DxO Optics Pro 11 Elite £159/$199
Optical perfection, but at a price
DxO Optics Pro uses labdeveloped correction profiles for a vast and ever-increasing number of camera-lens combinations. The software reads the equipment used from an image’s EXIF data and then automatically looks up a profile that corrects lens distortion, vignetting, chromatic aberration and even edge softness. If it doesn’t have the necessary correction profile already, it checks the DxO site and prompts you to download it, which takes just a few moments.
It works on both JPEG and RAW files straight from the camera, and its RAW conversion quality is every bit as impressive as its optical corrections. The default noise control is already better than Adobe Camera Raw’s, and the slower, PRIME noise reduction mode delivers even better quality.
Earlier versions of Optics Pro had perspective correction controls built in, but these have now been spun out into the separate ViewPoint 2 software. Analogue film effects are available in FilmPack 5. Both integrate fully with Optics Pro.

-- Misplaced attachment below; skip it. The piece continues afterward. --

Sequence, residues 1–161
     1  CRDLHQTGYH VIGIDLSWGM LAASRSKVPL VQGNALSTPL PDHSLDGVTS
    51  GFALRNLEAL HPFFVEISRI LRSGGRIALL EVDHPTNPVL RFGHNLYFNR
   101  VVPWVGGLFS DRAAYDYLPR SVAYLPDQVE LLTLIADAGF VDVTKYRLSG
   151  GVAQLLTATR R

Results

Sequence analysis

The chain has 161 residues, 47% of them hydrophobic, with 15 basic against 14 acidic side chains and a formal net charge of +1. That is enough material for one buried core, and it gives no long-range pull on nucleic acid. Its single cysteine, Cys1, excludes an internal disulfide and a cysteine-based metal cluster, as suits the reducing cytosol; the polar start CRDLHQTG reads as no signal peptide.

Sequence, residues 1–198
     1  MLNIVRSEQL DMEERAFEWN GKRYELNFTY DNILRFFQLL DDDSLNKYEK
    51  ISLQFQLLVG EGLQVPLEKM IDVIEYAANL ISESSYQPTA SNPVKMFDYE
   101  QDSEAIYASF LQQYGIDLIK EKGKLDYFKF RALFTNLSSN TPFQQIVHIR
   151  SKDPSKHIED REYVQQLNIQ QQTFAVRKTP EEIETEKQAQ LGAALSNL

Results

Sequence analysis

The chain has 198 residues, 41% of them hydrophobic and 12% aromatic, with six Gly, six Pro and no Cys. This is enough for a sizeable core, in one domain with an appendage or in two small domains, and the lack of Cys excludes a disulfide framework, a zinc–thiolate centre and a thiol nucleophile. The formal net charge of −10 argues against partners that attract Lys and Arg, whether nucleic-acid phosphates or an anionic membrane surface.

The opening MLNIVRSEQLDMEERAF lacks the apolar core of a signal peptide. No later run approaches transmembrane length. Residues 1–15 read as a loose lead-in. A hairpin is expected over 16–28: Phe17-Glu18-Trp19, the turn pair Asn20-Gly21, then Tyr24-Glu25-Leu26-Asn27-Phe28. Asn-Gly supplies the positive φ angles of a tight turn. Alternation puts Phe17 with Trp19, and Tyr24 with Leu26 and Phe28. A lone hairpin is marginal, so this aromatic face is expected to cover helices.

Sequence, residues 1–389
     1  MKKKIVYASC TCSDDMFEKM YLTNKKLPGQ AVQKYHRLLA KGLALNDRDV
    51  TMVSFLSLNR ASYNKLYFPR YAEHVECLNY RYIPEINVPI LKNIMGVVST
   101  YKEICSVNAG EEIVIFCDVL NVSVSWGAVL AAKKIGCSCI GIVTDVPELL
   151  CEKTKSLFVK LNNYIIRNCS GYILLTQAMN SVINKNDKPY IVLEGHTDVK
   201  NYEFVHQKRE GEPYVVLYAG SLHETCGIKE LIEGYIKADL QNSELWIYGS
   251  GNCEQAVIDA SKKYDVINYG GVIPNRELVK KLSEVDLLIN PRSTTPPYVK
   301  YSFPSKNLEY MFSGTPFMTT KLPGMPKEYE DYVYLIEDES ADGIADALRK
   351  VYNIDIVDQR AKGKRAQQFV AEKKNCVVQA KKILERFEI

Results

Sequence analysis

Optics Pro’s default conversions are accurate rather than overintensified, though there are a whole range of preset effects you can choose from if you’re after a particular ‘look’.
For sheer RAW image quality, it’s a close-run thing between this and Capture One Pro, though if you like your images rich and intense, then Capture One has the edge.
DxO’s Smart Lighting controls for balancing highlights and shadows are effective but complicated, and you have to pay extra for ViewPoint 2 where rival programs offer perspective correction built in. Its biggest drawback, though, is the lack of localised adjustments. For this you’ll still need Photoshop, or a program like it.
Platform: PC and Mac Requirements: Windows 7 or later, Mac OS X 10.10 or later, 4GB RAM, 2GB hard disk space Browsing: Yes Cataloguing: No RA W processing: Yes Lens corrections: Yes Localised adjustments: No Layers and masks: No Preset effects: Yes Plug-ins: No
Features Ease of use: Performance Value for money
Brilliant but specialised, it really needs ViewPoint 2 to achieve its full potential.